Seltaeb, a company to sell Beatles merchanding, is created

December 1963

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From Wikipedia:

Seltaeb was a company set up in 1963 by Nicky Byrne ( Douglas Anthony Nicholas Byrne) to exclusively look after merchandising interests on behalf of Brian Epstein, who managed NEMS Enterprises and the Beatles: John Lennon, Paul McCartney, George Harrison, and Ringo Starr.

Directly prior to the Beatles’ first American visit, Brian Epstein wanted someone to manage the escalating volume of merchandising requests that NEMS found itself unable to cope with, and asked his lawyer, David Jacobs, to oversee this task. Jacobs knew Nicky Byrne and asked him if he would be interested in taking over the merchandising subdivision from NEMS altogether, paying NEMS a commission. Byrne accepted the offer subject to a 90% rate, leaving only 10% for the Beatles and NEMS combined. Completely unaware of the potential market that existed, particularly in the United States, Epstein agreed to the deal, and subsequently lost the Beatles an estimated $100,000,000 in possible income.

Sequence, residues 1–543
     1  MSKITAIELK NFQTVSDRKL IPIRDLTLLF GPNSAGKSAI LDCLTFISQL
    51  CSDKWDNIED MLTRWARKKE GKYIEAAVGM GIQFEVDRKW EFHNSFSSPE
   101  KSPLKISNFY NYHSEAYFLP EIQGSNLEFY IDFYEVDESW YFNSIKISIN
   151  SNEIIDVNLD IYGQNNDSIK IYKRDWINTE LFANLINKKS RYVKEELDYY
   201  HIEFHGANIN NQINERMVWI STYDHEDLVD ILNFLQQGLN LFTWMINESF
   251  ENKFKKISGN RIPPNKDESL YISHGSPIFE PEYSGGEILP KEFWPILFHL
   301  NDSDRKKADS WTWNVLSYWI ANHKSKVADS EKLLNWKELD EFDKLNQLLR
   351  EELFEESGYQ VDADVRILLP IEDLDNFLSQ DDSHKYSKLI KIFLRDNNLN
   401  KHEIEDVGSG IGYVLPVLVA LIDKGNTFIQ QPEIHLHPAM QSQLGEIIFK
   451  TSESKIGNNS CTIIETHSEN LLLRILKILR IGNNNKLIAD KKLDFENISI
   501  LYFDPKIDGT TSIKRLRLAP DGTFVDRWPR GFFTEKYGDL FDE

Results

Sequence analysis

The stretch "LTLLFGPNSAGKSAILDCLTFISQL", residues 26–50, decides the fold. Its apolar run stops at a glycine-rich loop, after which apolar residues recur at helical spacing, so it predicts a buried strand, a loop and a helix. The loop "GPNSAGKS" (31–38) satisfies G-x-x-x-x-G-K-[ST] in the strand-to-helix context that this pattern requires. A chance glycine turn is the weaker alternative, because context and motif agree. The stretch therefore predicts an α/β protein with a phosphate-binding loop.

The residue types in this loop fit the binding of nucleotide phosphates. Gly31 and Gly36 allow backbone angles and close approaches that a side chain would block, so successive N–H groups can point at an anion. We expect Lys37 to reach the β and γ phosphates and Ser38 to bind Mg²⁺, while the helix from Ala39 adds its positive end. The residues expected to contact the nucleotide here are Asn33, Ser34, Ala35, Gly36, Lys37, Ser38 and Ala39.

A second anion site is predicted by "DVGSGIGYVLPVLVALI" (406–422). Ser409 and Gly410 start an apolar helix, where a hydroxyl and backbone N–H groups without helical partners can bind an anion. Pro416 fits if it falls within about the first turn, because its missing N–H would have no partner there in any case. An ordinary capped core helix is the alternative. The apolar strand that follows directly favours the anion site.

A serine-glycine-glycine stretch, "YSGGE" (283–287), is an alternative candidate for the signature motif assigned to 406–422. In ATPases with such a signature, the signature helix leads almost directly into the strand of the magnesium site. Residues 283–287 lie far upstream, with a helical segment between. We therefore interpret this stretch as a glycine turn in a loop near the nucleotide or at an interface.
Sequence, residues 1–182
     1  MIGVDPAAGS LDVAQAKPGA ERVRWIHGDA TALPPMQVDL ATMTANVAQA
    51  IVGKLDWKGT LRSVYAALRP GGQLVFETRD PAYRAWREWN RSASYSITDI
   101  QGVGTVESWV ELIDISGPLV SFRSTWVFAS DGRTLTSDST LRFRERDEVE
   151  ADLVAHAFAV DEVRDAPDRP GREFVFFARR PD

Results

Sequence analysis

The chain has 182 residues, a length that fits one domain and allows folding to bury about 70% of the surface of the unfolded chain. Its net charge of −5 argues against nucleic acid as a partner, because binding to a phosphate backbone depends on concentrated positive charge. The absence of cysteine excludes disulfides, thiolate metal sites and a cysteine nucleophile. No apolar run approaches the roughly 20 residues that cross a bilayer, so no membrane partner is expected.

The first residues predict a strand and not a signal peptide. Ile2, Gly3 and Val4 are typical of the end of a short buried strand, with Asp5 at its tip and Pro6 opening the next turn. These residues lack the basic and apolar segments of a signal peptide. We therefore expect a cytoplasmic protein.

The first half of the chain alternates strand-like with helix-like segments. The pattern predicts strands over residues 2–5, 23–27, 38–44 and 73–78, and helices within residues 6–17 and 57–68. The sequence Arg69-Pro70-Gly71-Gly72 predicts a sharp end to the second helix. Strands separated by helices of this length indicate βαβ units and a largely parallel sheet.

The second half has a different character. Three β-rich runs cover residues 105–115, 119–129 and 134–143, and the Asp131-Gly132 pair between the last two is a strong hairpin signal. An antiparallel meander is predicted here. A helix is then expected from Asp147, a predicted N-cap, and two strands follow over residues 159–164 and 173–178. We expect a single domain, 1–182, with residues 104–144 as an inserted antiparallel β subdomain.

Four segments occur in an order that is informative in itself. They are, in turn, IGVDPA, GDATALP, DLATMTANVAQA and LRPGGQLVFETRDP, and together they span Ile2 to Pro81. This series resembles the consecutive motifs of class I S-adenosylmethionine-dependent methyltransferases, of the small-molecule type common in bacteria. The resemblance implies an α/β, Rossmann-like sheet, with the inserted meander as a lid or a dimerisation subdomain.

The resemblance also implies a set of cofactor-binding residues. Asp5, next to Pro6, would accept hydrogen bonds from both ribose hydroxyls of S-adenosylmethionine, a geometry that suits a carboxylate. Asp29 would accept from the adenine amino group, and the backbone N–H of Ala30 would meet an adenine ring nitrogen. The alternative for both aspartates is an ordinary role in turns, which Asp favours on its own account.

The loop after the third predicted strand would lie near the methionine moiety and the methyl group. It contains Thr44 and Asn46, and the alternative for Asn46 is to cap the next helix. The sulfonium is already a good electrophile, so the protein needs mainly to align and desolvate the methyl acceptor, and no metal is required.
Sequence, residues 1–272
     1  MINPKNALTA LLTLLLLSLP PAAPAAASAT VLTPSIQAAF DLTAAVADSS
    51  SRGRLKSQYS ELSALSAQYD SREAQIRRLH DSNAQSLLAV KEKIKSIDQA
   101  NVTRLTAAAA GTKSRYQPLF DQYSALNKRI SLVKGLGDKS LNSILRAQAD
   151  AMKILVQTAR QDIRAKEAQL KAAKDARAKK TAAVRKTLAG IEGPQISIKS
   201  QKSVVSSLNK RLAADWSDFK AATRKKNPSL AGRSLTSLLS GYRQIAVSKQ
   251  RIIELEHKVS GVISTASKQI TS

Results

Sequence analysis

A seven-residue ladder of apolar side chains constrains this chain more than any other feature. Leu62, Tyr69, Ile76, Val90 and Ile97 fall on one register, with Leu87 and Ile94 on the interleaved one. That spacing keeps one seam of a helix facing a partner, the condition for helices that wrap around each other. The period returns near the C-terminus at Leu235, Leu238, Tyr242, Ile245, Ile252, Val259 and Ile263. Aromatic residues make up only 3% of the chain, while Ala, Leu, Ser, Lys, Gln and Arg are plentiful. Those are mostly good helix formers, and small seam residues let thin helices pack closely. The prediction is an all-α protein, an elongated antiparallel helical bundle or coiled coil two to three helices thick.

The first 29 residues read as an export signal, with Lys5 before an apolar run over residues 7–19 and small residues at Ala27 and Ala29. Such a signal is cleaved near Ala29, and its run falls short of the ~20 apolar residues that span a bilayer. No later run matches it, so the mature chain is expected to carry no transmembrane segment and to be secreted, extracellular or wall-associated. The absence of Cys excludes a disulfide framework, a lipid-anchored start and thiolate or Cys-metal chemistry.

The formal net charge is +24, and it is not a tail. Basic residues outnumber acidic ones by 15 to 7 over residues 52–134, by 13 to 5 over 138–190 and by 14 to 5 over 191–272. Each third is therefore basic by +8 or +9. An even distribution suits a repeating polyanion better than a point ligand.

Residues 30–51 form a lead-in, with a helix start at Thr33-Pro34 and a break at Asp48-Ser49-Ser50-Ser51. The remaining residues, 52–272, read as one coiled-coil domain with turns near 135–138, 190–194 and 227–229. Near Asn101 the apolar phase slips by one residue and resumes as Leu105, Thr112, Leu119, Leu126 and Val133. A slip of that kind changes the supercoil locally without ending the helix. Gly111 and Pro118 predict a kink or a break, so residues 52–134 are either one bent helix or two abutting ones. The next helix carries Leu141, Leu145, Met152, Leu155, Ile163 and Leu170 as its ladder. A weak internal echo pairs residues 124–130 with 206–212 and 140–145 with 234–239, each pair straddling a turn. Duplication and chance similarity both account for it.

In December 1963, Byrne took over the control of Stramsact in the UK, and then set up Seltaeb (Beatles spelt backwards) in the United States. Epstein was able to renegotiate a more favourable commission of 49% in August 1964, but then became embroiled in a three-year court battle with Byrne regarding payment of monies due, during which time potential sponsors lost interest. In August 1967 Epstein died, from what was ruled an accidental overdose of a prescribed drug. Jacobs was found hanged in his garage on 15 December 1968. Byrne later retired to the Bahamas.


Before the Beatles achieved nationwide success in Britain, Epstein had permitted a small company (run by his cousins, and which initially catered only to fan club members) to produce Beatles’ sweaters for 30 shillings and badges for sixpence, eventually selling 15,000 sweaters and 50,000 badges as the Beatles’ popularity grew. When Beatlemania stormed the UK in 1963, Epstein was besieged by novelty goods companies wanting to use the Beatles’ name and images on plastic guitars, drums, disc racks, badges, belts and a huge variety of assorted merchandise. Epstein was adamant that the Beatles would not directly endorse any product, but through NEMS Enterprises he would grant discretionary licences to companies who were able to produce a quality product at a fair price, although many companies were already selling products without a licence.